MSU leaders share new diversity directions in higher education and extension
Jabbar R. Bennett, Ph.D., and Quentin Tyler, Ph.D., were recently interviewed about importance of diversity, equity and inclusion across Michigan State University.
Note: This information was originally featured in the Department of Entomology podcast, Bug Talk. To listen to the full DEI episode, there is a video recording or audio available on the Bug Talk podcast subscription site.
Below is an edited version of some responses that were part of the episode recorded on June 2, 2021, that was hosted by entomology faculty members Zsofia Szendrei, associate professor; Julianna Wilson, a tree fruit integrated pest management specialist and chair of the Entomology DEI Committee; and Elizeth Cinto-Mejia, a graduate student pursuing her Ph.D. in entomology.
Diversity, equity and inclusion (DEI) continue to be important to Michigan State University (MSU) and its community of students, faculty, staff and alumni. A multi-year institutional strategic plan for MSU and a more detailed DEI strategic framework are being developed to help support ongoing progress.
Here Dr. Jabbar R. Bennett, vice president and chief diversity officer for MSU, and Dr. Quentin Tyler, associate dean and director for diversity, equity and inclusion in the MSU College of Agriculture and Natural Resources (CANR) and director of MSU Extension, discuss their vision and DEI directions for MSU.
Knowing each other and our backgrounds
In December 2020, Bennett was hired as the first vice president and chief diversity officer at MSU. He works to advance MSU’s DEI strategic priorities along with staff in the Office for Inclusion and Intercultural Initiatives, and he partners with senior executives, deans, faculty, staff, students and alumni across MSU. He is also a professor of medicine in the College of Human Medicine.
Bennett grew up in Winston-Salem, North Carolina, attended North Carolina Agriculture and Technical State University for his undergraduate education, and earned his Ph.D. in Nashville, Tennessee at Meharry Medical College. Both institutions are historically black colleges and universities (HBCUs). As a child, Bennett said his dream job was to become an inventor. Becoming a biomedical scientist and engaging in molecular parasitology research wasn’t so far off.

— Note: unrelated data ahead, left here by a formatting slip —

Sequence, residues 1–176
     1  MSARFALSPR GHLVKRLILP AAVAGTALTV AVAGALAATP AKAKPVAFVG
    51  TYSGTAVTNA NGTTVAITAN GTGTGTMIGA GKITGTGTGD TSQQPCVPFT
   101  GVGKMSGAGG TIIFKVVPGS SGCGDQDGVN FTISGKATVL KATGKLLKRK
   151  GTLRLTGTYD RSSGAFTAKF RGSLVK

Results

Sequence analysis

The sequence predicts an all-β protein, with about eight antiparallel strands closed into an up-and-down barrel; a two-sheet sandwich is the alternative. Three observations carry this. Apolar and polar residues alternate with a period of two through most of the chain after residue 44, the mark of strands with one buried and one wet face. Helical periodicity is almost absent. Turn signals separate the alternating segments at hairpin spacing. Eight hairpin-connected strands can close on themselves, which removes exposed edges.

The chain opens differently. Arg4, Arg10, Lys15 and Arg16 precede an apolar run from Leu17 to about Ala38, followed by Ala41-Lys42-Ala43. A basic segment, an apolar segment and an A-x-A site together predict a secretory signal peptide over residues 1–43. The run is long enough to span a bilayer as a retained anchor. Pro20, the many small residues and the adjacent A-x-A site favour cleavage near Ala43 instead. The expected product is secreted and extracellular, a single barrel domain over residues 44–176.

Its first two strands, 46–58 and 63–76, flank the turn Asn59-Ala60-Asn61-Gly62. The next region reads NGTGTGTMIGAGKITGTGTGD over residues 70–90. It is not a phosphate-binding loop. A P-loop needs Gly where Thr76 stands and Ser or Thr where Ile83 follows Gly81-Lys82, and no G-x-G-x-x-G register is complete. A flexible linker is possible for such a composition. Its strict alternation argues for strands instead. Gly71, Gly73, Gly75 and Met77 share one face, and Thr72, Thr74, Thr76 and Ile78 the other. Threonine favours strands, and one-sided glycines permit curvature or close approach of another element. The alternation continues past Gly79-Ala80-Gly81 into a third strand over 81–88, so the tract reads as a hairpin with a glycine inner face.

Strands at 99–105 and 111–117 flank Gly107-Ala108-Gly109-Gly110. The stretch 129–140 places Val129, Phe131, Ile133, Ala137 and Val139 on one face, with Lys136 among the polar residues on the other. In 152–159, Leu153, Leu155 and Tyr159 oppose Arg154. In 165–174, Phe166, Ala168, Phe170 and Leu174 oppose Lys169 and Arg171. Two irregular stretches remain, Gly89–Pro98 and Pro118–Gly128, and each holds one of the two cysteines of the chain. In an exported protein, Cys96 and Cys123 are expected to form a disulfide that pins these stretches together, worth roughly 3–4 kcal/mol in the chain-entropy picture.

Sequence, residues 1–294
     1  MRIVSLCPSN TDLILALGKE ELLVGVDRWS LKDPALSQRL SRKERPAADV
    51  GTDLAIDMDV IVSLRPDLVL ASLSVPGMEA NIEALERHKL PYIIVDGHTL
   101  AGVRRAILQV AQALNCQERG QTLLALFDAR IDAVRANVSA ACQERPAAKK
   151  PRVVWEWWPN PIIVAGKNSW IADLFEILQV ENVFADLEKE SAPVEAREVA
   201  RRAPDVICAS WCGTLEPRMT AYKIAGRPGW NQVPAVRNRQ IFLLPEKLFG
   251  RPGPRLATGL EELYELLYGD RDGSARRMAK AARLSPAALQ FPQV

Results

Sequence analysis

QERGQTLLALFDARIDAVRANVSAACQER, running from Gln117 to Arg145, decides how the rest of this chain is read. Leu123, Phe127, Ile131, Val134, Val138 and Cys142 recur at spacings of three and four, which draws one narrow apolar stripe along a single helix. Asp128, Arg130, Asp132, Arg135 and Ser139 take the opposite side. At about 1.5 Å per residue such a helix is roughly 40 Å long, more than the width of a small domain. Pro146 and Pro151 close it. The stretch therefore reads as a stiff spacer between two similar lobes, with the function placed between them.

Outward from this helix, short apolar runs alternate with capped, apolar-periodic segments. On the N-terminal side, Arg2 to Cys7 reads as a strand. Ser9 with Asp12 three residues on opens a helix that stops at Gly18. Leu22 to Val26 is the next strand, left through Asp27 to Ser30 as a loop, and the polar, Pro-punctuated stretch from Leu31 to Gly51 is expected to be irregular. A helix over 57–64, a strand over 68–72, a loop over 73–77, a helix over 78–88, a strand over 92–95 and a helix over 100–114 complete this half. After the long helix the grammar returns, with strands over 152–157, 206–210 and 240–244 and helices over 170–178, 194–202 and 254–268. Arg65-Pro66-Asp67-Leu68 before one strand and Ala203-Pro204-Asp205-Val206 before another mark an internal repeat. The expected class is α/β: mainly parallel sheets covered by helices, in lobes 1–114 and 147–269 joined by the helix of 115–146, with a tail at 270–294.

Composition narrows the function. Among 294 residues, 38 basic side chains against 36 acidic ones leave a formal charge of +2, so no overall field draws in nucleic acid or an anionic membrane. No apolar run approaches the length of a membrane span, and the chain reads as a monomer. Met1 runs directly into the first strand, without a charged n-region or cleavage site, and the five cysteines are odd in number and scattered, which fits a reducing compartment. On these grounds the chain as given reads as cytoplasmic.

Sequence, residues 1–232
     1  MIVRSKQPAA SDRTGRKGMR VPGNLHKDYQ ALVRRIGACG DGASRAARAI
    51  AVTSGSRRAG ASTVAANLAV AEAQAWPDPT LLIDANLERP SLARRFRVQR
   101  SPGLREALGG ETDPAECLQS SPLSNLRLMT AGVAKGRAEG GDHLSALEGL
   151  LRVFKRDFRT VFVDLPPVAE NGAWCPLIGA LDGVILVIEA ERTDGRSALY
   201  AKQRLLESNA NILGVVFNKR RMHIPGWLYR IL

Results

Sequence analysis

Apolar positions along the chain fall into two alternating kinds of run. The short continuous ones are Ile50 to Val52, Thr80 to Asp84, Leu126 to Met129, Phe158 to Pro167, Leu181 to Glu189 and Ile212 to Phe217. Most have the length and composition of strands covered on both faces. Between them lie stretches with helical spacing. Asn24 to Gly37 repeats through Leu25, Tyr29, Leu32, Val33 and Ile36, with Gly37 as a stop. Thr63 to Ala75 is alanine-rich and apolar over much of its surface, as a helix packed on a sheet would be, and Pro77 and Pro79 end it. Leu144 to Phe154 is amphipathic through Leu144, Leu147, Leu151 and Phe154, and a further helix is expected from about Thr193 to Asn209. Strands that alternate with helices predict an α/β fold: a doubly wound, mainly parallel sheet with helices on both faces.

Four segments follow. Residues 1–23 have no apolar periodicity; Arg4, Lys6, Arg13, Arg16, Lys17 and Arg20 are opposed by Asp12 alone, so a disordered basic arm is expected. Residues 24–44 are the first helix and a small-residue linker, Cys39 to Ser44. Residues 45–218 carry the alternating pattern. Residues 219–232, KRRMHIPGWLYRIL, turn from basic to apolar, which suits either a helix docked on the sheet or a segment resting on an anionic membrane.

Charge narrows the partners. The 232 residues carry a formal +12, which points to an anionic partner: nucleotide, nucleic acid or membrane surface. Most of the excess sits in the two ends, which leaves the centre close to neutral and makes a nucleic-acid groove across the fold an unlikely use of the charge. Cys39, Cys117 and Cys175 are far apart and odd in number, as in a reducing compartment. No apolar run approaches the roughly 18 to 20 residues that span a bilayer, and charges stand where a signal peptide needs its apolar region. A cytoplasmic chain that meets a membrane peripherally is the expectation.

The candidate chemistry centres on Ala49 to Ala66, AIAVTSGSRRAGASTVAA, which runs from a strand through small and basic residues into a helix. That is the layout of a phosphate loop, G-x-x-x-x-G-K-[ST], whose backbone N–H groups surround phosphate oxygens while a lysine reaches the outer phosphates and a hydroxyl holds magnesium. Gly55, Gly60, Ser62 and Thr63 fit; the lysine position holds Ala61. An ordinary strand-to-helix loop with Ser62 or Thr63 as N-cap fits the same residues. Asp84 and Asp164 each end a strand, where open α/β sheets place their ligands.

“I had an interest and aptitude in science and math, and my parents recognized that and encouraged that, so they put lots of books around me,” he said. “Although my parents were not scientists, they were both college educated and always understood the value of education. And I did end up becoming a scientist, but not because I had that role model in the house, per se, but because my parents really encouraged that spark that they saw within me.”
In March 2018, Tyler came to MSU as the associate dean for diversity, equity and inclusion in the CANR. His work expanded the scope and support for learning and development opportunities across the CANR community for students, faculty and staff. In June 2021, he was also named director of MSU Extension.
Additionally, Tyler serves as chair of the National Professional Officers advisory board for the Minorities in Agriculture and Natural Resources and Related Sciences (MANRRS). Formed at MSU in the 1980s, MANRRS has since expanded to support minorities in career development at universities across the country.
“We have roughly 55 chapters in 38 states. I hear what's going on across the country as well as MSU, and also from an extension perspective, too,” Tyler said.
Originally from western Kentucky, Tyler attended the University of Kentucky where he earned undergraduate and graduate degrees in agriculture economics, and a doctoral degree in rural sociology. He said that he wanted to be an explorer growing up and his favorite movie series was Indiana Jones. His parents emphasized education as a path for him; Tyler is a first-generation college student.
“My dad ended up becoming an engineer through the U.S. Army, so I also wanted to be an engineer. Then I had an internship my freshman year of college working with the University of Kentucky Extension. That got me more integrated into the agriculture space, and now things have come full circle with my position as the director of MSU Extension,” he said.
Moving MSU forward
Both Tyler and Bennett are in roles where vision and strategic direction are important. They are also part of growing leadership at MSU that supports diverse and inclusive communities across campus and the state of Michigan. Meeting with students, staff, faculty, alumni groups, committees and stakeholders has been key, as they seek to gain a more holistic understanding of diversity, equity and inclusion at MSU.
“Coming from the University of Kentucky, I had about 15 years of experience working in DEI, so I thought maybe I had all the answers. I had some learning to do upon my arrival at Michigan State. It's been about ongoing conversations, meeting people where they're at, and also understanding their challenges, too,” Tyler said.